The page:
So it proved with Tierney. Despite Celtic noises about trying everything we could to keep the player, not many of these appeared to be uttered in public.

Where a flat ‘not for sale’ went up over Callum McGregor, there was nothing of the kind about KT.

As James Forrest said recently: “You feel good when the staff at the club want you to stay.”

It may always have been Tierney’s intention to leave if an opportunity came up, regardless of any such moves, but we did nothing to disabuse the notion that at the top of the club we are happy with our role as a selling club.

This is nothing new to fans who are resigned in large part of the new reality of a distorted transfer market.

No one is expecting Celtic to go into huge debt. No one is saying go and spend £100m. But nor does investing in the team signal “going the same way Rangers went”.

We have money piled up in the bank. That was increased by the sale of Tierney. It could have been added to by a Champions League windfall.

Instead of investing in the team to achieve that aim, we have to cobble things together in a bid to get there and then see if there’s anyone left without a club in the last few days of the transfer window.

Now, Lennon has warned that transfer targets will have to be revised in the wake of last night’s calamity.

It will come as news to a lot of Celtic fans that we had targets but a win, or at least a 0-0 draw, would have guaranteed us European football of some description.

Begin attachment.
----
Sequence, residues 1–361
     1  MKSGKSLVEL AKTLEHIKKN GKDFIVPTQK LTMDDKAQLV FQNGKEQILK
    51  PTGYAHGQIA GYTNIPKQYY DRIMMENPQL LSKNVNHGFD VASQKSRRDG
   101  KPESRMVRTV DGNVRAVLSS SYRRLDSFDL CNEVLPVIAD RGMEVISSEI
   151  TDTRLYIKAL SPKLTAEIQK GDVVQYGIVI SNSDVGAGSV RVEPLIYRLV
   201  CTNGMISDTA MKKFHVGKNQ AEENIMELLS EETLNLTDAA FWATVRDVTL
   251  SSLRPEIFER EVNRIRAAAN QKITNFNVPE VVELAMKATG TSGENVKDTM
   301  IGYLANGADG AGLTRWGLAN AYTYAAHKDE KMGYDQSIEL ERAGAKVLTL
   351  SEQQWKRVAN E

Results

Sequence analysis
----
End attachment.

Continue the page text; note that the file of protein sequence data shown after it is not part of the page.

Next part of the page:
Now, it’s feared that there will be more outgoings rather than good quality incoming players.

Last year, Edouard ended up the only fit forward for a couple of months. If there’s a will to sell him, £3million-man Peter Lawwell (who started on a reasonable salary of a couple of hundred grand a year, but has seen remarkably his wages go up by around 1,500 per cent to the point where he has now trousered over £15million from his job!) will find a way.

Because for some reason, Celtic do not need to break even anymore. We need to make a cash profit to build on our stash. We are saving money for a rainy day rather than fixing the roof when it’s sunny.

Brendan Rodgers[/caption]

Peter Lawwell and the board are running the club in such a way that it doesn’t appear for the benefit of the team.

Surely, the purpose of a club is to get the best team possible on the pitch and the best manager available in the dugout.

Lennon left once before over frustrations with the board’s strategy. A reckless gamble then took place by appointing Deila (these reckless gambles are a feature of life under Lawwell, and bizarrely are a consequence of the otherwise ultra-conservative strategy), then we fleetingly showed a degree of proper ambition with the appointment of Rodgers.

The clash of personalities was never going to be far away and Rodgers found it more and more difficult to prise open the coffers, while the money rolled in. And while the Champions League disaster that regularly threatened eventually came to pass last year, we managed to maintain our domestic dominance thanks to Lennon’s serendipitous availability.

Lennon’s career since leaving Celtic has not gone on an upward trajectory. Taking his connection to the club as player and manager aside, it’s hard to imagine that someone with that experience at Bolton and Hibs would be considered for the job.

Even then, with the board knowing what he could do, he was still made to go through an ‘audition’ for the gig.

It then transpired that he would be given the role with Lawwell saying no other candidates had been sounded out or investigated since February.